There was a period during World War II when the making of all automobiles and practically all building of any kind of stopped. Everyone was working on some sort of war effort and we tried to convert our machines and also our men over the metal work. We got in some metal work, cutting band saws and some metal lathes. The biggest job was to get our men converted to working fine tolerances. Fortunately, we were able to get Louis Delli to come with us for 2 years. He was a wonderful man to set up production jobs and lead off in this kind of work. We did quite an operation with Woods Brothers, planing armour plate for tanks; considerable work with the Globe Hoist in lathe work and some close tolerance metal planing on Diesel Engine crank cases for the Clinton Engineering Co. During these years we bought a lot of used metal working machinery rather blindly. We would gather up some of this machinery and then go out and look for work to do to keep busy. We used some of it very briefly and then would sell it out. All in all we made some money and at the end of the period disposed of all the machines rather profitably. When I look back and realize how blissfully ignorant we were, it is surprising that we did so well in converting our machines and men over to metal work. We actually made many improvements during that period, kept our men busy and made a little money.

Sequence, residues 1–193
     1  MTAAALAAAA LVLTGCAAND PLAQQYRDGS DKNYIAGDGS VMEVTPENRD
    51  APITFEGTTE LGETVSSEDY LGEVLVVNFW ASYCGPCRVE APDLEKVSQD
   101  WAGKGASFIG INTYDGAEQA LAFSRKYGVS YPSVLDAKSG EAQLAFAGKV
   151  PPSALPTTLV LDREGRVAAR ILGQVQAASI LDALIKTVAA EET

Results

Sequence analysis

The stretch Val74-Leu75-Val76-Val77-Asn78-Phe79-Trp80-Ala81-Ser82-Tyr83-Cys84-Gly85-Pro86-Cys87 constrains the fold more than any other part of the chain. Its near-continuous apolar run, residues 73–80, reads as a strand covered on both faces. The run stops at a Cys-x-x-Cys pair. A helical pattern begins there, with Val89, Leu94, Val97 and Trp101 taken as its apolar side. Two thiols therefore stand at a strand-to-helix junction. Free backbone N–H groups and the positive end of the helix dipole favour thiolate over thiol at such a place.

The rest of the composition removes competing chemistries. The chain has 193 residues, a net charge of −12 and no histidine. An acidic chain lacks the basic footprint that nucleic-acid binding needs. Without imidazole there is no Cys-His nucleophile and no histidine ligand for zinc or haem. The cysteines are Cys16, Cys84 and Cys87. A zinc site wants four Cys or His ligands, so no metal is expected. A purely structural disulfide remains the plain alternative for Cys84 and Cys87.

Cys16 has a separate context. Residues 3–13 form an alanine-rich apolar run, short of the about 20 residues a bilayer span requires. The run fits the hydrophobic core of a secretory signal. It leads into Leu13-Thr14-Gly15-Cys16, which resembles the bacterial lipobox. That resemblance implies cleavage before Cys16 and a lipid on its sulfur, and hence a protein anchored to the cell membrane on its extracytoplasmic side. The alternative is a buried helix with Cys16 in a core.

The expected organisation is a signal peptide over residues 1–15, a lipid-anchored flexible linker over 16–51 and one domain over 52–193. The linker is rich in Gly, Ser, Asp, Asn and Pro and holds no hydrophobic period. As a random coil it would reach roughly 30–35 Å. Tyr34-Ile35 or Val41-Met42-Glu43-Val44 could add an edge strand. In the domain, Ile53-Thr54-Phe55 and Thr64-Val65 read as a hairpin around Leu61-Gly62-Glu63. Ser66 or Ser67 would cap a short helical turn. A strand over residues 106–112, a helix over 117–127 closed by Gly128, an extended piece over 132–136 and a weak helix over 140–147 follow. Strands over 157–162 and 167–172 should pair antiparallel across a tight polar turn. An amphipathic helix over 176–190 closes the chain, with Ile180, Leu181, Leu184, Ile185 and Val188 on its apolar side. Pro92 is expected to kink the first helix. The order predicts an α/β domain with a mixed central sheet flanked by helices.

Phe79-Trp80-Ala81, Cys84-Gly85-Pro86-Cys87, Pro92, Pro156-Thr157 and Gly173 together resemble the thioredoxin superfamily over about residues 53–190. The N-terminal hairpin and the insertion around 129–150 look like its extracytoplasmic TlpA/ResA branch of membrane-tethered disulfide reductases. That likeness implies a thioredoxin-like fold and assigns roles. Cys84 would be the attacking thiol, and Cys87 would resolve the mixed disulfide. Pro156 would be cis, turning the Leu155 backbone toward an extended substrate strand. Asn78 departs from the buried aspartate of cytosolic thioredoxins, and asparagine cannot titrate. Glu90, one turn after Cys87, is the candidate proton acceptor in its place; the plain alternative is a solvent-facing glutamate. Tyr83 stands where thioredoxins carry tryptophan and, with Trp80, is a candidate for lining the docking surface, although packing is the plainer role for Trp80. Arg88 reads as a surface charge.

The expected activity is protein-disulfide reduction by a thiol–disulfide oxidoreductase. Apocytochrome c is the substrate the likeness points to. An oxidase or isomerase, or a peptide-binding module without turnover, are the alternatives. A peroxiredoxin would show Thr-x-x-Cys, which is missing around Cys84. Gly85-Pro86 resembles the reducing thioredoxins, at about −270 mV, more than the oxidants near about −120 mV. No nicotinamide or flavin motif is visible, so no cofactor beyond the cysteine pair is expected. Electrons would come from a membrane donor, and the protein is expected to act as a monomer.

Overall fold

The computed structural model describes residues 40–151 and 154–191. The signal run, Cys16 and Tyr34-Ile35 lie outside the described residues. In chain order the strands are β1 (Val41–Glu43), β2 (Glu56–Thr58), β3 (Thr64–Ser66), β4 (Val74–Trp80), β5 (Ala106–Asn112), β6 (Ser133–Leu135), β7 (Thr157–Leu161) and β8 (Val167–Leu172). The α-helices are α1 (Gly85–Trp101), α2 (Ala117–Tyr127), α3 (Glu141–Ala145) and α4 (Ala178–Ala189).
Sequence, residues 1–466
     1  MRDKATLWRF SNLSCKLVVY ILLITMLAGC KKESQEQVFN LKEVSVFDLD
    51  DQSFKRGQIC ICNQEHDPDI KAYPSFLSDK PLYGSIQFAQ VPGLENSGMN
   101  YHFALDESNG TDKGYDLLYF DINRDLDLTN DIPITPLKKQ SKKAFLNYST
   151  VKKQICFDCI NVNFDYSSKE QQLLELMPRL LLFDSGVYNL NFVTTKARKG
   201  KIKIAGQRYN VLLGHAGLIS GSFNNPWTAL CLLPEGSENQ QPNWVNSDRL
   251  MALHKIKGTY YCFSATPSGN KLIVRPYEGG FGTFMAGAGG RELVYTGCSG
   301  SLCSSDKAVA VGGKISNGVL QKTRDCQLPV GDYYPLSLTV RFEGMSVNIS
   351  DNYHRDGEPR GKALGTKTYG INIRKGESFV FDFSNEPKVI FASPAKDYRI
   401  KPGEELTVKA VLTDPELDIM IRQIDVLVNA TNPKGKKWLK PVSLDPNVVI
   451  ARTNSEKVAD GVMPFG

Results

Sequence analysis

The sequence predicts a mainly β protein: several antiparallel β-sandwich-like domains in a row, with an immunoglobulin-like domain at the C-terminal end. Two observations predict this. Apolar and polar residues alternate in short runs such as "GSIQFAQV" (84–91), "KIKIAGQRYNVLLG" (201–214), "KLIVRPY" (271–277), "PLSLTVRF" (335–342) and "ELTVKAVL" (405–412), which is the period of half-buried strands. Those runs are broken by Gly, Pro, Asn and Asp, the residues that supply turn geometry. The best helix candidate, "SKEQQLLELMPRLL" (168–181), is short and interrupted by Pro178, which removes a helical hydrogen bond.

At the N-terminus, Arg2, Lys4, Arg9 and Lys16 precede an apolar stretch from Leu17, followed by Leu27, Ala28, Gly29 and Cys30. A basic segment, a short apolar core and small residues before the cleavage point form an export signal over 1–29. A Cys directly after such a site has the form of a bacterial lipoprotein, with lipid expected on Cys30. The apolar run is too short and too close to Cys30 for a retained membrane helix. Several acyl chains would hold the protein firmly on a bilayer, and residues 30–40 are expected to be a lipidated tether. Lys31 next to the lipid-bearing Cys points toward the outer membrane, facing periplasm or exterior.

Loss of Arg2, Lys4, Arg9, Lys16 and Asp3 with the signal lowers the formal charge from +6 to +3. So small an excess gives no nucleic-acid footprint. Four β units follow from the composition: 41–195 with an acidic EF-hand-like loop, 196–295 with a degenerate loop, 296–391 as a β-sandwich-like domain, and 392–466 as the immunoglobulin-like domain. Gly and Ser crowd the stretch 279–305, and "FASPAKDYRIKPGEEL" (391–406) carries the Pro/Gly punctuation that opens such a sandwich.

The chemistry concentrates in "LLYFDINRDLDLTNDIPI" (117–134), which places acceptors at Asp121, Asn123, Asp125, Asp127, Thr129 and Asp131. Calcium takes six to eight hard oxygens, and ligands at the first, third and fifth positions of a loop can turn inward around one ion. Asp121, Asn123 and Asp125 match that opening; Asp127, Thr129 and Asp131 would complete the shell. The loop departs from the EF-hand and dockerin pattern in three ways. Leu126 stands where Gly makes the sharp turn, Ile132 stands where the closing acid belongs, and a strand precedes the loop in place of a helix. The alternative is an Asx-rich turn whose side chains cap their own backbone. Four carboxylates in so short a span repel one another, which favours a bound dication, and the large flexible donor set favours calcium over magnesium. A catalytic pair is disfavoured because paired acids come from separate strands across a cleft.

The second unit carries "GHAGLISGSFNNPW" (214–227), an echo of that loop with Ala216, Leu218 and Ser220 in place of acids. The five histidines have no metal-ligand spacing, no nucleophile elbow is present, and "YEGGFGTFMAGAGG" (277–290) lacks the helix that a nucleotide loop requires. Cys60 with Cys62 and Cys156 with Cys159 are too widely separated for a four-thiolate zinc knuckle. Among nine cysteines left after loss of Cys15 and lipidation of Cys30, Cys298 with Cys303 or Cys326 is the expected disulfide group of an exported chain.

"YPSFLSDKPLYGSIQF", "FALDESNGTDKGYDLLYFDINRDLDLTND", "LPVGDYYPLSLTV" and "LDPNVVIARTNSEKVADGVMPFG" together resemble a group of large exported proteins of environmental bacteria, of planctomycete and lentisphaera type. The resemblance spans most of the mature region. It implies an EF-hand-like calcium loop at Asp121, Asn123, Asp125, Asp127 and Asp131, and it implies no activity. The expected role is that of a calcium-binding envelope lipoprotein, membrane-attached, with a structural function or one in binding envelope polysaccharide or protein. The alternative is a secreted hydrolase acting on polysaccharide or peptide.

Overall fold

After the war we got back into some stone work again and, while the competition was pretty rough, we managed to get along pretty good. Along about 1950 we felt the need of rebuilding the shop and putting in some new machinery. We had Ben Burgess around for nearly a year and installed a new gang saw and a new Ty-Sa-Man rip saw. The foundations and installation of these machines were a major project. We then rebuilt the whole building by holding up the roof and constructing new posts and double siding and new windows all around the shop. Now we can heat the whole shop and be very comfortable in the winter.
Our business has changed considerably in the last 10 or 20 years in that we do not have cornices or thick stones in our modern buildings. The stone used now is much thinner and very plain with practically no carving, so we need very few stone cutters. In the last 10 years we have supplemented our cut stone work with 12-15 kinds of split faced material from Indiana, Minnesota, Tennessee, Georgia, Pennsylvania, Arizona, Colorado, Missouri, Arkansas and California.
After serving in World War II, around 1945 our sons John and Robert decided to come into the business. This was very gratifying to their Mother and me. They have been with the firm for about 15 years now and have become such a part of it that for the last several years it has been possible for us to be away from the shop as long as we choose. They have this year added to the business the stone shop in Mason City, Iowa and our hope is that all will go well with this new venture and their future well being.